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Lower in carbohydrate than Atkins and up to 90% fat, ketogenic diets have been used for over 30 years to treat seizure disorders. Modified ketogenic diets, however, are also being used for weight loss, for controlling migraines, and for diseases of aging.

In the treatment of epilepsy, the ketogenic diet is often described as a "big fat miracle." Over 100 hospitals in the United States and Canada offer a mostly-fat ketogenic diet as a treatment for intractable, drug-resistant seizure disorders, often with dramatic results. The story of 11-year-old Sam is a good example of how the diet works.

At the age of four, doctors believe, Sam had a mild case of meningitis. Shortly after he recovered from the infection, he began to have epileptic seizures. First he had just one or two seizures a day, but eventually he suffered as many as 150 a day, and was in constant danger of status epilepticus, a condition of non-stop seizures that often ends in death.

Nothing the doctors could prescribe for Sam worked for his epilepsy. A neurosurgeon even suggested that Sam's parents consider the surgical removal of half of his brain, when a diet-oriented neurologist suggested that they try ketogenic diet first.

The Anti-Epilepsy Fat-Added Diet

Ketogenic diets are eating plans that force the body to generate and burn ketones rather than glucose. The body can turn both carbohydrates and proteins (when eaten in excess) in the sugar glucose. When the diet is nearly 100% fat, however, it "burns" fatty acids by converting them into acetone (the same chemical found in nail polish remover), which is exhaled through the breath and excreted in the urine, and beta-hydroxybutyrate (which is, stricly speaking, not a ketone but a ketone derivative).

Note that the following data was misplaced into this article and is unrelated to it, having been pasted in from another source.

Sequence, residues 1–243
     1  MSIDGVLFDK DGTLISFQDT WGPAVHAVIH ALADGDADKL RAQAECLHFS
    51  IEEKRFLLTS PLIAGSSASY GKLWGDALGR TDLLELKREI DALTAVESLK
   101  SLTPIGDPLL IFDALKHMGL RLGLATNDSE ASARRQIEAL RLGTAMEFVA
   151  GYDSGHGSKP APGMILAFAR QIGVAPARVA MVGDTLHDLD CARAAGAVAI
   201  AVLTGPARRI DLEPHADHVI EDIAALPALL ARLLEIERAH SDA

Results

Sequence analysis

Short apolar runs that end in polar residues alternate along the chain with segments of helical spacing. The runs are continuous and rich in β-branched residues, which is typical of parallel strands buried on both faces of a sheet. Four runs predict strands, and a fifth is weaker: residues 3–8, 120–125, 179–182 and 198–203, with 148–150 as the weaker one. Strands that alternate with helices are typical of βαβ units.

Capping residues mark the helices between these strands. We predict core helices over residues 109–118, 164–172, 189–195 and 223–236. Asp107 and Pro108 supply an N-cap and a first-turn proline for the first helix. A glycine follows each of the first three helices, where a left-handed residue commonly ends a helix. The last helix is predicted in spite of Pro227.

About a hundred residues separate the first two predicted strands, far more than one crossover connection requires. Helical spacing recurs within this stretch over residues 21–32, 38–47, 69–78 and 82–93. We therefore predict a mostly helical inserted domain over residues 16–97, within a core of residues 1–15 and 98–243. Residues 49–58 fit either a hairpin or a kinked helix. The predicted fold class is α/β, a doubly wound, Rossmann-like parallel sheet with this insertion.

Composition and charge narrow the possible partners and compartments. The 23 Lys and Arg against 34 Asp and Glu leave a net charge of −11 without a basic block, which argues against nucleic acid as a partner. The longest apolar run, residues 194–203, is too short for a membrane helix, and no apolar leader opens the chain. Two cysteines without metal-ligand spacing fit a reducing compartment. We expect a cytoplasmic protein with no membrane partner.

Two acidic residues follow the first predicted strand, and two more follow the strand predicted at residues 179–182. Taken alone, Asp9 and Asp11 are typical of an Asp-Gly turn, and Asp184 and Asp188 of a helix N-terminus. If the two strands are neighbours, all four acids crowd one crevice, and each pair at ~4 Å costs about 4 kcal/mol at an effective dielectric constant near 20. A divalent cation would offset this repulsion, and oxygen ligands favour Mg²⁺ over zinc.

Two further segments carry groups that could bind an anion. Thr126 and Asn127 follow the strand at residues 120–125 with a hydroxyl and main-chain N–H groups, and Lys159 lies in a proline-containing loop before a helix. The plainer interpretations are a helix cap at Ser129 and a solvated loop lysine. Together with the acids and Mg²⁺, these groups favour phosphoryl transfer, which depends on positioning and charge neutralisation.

When the brain is forced to use beta-hydroxybutyrate "ketone bodies" for fuel, for reasons investigators do not entirely understand, seizures become much less severe and much less frequent, even without medication.

Sam's diet is a conventional nutritionist's nightmare:

  • For breakfast, Sam eats scrambled eggs made with egg yolks and cream and cooked in olive oil, along with five slices of bacon.
  • For lunch, Sam has whole-milk Greek yogurt, with no fruit flavoring and no sugar of any kind, mixed with coconut oil to add enough calories.
  • For dinner, Sam has sausages (with no carbohydrate in the filler), hot dogs (without a bun), macadamia nuts, and hard cheese. He can also have bacon.

The food Sam eats contains twice as much fat as a Big Mac and 25% more fat than the low-carb phase of an Atkins diet. Sam consumes almost no carbohydrate. Cookies, candy, pies, cake, and macaroni and cheese are strictly forbidden. On special occasions, Sam is allowed to trade cookies or cake for a present instead. And managing Sam's health on the ketogenic diet is not easy.

Complications of Ketogenic Eating

Ketogenic diets are constipating. Kids and adults who eat high-fat have to take stool softeners--never fiber supplements, because they contain sugar and bacteria in the gut can release sugar from the fiber--to stay regular. If Sam does not drink enough water, he can easily develop kidney stones. And because Sam's diet is deficient in most minerals and most vitamins, taking a daily nutritional supplement is an absolute must. For treating conditions other than epilepsy, however, a little leeway in the ketogenic diet is possible.

Continue reading after recommendations

  • Di Lorenzo C, Currà A, Siriani G, Coppola G, Bracaglia M, Cardillo A, De Nardis L, Pierelli F. Diet transiently improves migraine in two twin sisters: possible role of ketogenesis? Funct Neurol. 2013 Dec 3:1-4.
  • Klement RJ. Calorie or carbohydrate restriction? The ketogenic diet as another option for supportive cancer treatment. Oncologist. 2013. 18(9):1056. doi: 10.1634/theoncologist.2013-0032. PMID: 24062422.
  • Photo courtesy of rpavich by Flickr :
  • Photo courtesy of John Verive by Wikimedia Commons :,_egg_and_cheese_sandwich.jpg

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